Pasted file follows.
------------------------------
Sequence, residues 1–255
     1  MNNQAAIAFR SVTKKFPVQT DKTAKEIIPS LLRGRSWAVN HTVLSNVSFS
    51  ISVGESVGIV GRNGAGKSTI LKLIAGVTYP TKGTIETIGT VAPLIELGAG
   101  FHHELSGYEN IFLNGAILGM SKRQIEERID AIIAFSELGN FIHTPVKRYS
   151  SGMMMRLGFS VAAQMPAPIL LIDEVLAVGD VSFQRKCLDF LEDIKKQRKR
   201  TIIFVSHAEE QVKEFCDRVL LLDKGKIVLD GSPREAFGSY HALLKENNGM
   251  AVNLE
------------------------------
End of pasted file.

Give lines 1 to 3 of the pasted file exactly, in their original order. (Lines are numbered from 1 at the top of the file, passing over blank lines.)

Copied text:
Sequence, residues 1–255
     1  MNNQAAIAFR SVTKKFPVQT DKTAKEIIPS LLRGRSWAVN HTVLSNVSFS
    51  ISVGESVGIV GRNGAGKSTI LKLIAGVTYP TKGTIETIGT VAPLIELGAG